The Montgomery County Public Health District is working through preliminary planning for distribution of COVID-19 vaccines to county residents, which could begin before the end of the year.

While no vaccine for the coronavirus has yet been approved or authorized by U.S. Food & Drug Administration regulators, dozens of candidates across several clinical trial stages remain under development worldwide, and a vaccine could reach some Texans this year.

Most recently, Pfizer Inc. and BioNTech SE announced Nov. 9 that their mRNA-based vaccine had proven effective in preventing COVID-19 infections for 90% of participants in a Phase 3 clinical study of its candidate. The companies said they plan to seek Emergency Use Authorization from the FDA later this month following the collection of additional required safety information, and up to 50 million vaccine doses could be produced worldwide in 2020, with up to 1.3 billion doses following in 2021.

Once a vaccine is widely available, information from state and county sources indicates the Texas Department of State Health Services and county health organizations will begin the process of distributing the vaccine to Texas residents.

In Montgomery County, Public Health Director Alicia Williams said county health officials have been advised to expect leading vaccine candidates, such as Pfizer's, as soon as late November or early December.

Williams said nearly 40 county pharmacies, hospitals, urgent care centers and doctors' offices, including the Montgomery County Public Health Clinic itself, have already registered with the state as COVID-19 vaccine providers, and more are expected to sign up through the end of November. Once a vaccine is available, Williams said, providers countywide will receive vaccines from the state based on individual need and capacity.

“We don’t know exactly how many we will be getting as a county or even as an individual provider," she said. "It’ll be that they allocate 'X' number. There’s a formula that they’re using for our ability to store the vaccine correctly and also how many vaccines ... we can actually provide at our locations.”

Based on initial state guidance, only some Texans would be eligible to receive vaccines in 2020 through Phases 1A and 1B of the immunization rollout due to expected limited supply this year. The first in line would be health care personnel, including hospital and pharmacy workers; first responders; and some education staff in Phase 1A. They would be followed by those age 65 and older and those with comorbidities for the virus in Phase 1B. The CDC defines comorbidities as underlying medical conditions which put someone at higher risk of severe COVID-10 illness.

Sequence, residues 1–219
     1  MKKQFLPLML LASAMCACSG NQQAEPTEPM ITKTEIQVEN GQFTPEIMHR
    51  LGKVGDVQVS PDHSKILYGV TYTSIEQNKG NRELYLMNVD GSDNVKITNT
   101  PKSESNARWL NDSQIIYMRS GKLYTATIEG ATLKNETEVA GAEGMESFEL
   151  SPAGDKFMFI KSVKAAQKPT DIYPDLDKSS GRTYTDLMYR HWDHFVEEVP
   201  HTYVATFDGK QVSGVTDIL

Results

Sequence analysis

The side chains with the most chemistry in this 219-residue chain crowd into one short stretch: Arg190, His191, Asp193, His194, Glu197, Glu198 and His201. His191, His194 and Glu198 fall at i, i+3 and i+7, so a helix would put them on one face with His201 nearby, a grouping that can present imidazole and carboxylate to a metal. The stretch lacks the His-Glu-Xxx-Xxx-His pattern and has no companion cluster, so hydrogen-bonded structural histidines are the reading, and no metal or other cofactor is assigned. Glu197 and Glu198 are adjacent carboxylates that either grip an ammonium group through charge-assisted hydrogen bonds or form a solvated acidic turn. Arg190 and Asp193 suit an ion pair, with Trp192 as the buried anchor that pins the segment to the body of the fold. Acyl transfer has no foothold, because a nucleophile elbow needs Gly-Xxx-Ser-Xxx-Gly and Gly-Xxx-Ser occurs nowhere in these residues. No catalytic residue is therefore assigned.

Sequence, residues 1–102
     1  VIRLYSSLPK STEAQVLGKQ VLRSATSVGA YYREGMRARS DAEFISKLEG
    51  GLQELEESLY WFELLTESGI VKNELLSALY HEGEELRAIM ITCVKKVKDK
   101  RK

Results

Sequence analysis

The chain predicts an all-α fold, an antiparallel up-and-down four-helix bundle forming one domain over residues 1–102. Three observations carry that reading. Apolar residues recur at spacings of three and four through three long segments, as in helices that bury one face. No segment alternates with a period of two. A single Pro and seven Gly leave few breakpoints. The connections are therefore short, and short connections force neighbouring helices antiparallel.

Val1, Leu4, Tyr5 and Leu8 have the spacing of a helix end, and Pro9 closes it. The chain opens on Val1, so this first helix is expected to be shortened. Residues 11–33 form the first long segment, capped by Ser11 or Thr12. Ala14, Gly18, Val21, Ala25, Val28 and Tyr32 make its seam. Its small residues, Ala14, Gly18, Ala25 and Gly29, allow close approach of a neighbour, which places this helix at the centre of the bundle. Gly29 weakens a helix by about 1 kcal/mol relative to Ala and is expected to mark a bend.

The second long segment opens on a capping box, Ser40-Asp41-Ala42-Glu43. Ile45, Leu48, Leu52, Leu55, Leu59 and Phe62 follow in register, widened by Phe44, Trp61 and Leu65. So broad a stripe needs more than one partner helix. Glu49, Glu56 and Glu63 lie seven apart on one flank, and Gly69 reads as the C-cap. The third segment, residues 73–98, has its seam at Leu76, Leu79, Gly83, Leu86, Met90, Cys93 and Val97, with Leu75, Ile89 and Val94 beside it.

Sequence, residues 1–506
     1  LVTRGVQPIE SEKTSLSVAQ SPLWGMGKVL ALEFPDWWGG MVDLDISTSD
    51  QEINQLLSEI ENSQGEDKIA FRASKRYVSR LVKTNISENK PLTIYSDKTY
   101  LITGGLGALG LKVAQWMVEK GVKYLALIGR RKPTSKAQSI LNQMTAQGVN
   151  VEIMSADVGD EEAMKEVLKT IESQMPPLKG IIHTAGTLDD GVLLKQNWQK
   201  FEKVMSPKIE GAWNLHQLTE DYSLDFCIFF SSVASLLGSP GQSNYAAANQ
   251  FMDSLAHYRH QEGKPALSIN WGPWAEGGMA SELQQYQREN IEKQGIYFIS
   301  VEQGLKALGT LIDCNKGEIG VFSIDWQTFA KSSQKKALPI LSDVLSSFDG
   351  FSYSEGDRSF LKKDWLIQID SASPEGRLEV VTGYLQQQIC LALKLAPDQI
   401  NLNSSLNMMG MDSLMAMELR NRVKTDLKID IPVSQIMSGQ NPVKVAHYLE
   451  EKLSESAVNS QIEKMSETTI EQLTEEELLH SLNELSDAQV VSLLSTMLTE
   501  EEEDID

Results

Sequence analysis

Additional "critical populations" not served during Phase 1 would become eligible for vaccines in Phase 2, which would begin in early 2021. That would be followed by widespread vaccine availability for the general public in Phase 3 beginning next summer, according to DSHS.

Through all phases, Williams said Montgomery County residents can expect minimal- or no-cost vaccinations. Health care providers may not charge for the vaccine itself, although administrative costs at private locations may vary.

Williams said the county public health clinic—which typically only serves patients who are under-insured, uninsured, or Medicaid-eligible—could provide its vaccinations to all county residents either for free or with an administrative fee of up to $10.

Williams said Pfizer and Moderna Inc.—which shared updates this week on the first analysis and review of its candidate—may be the closest to completing their trials and passing through federal regulations. Both companies' vaccines would be provided in two separate doses, she said.

Leading up to the availability of a COVID-19 vaccine in Montgomery County, Williams said, the county health district also plans to engage in educational campaigns about safety and recommended use for residents on social media and through local providers.

“It is exciting. It's also stressful, and so we’re trying to make sure that no matter what cards we’re dealt, ... we can provide protection for our community and our residents. We are excited to do it," she said. "We are patiently waiting to see what comes first, as far as vaccines go."

The public health district recommends all county residents receive vaccinations for the flu and, eventually, for the coronavirus, Williams said, and anyone with questions about vaccines or the coronavirus itself may contact the public health district.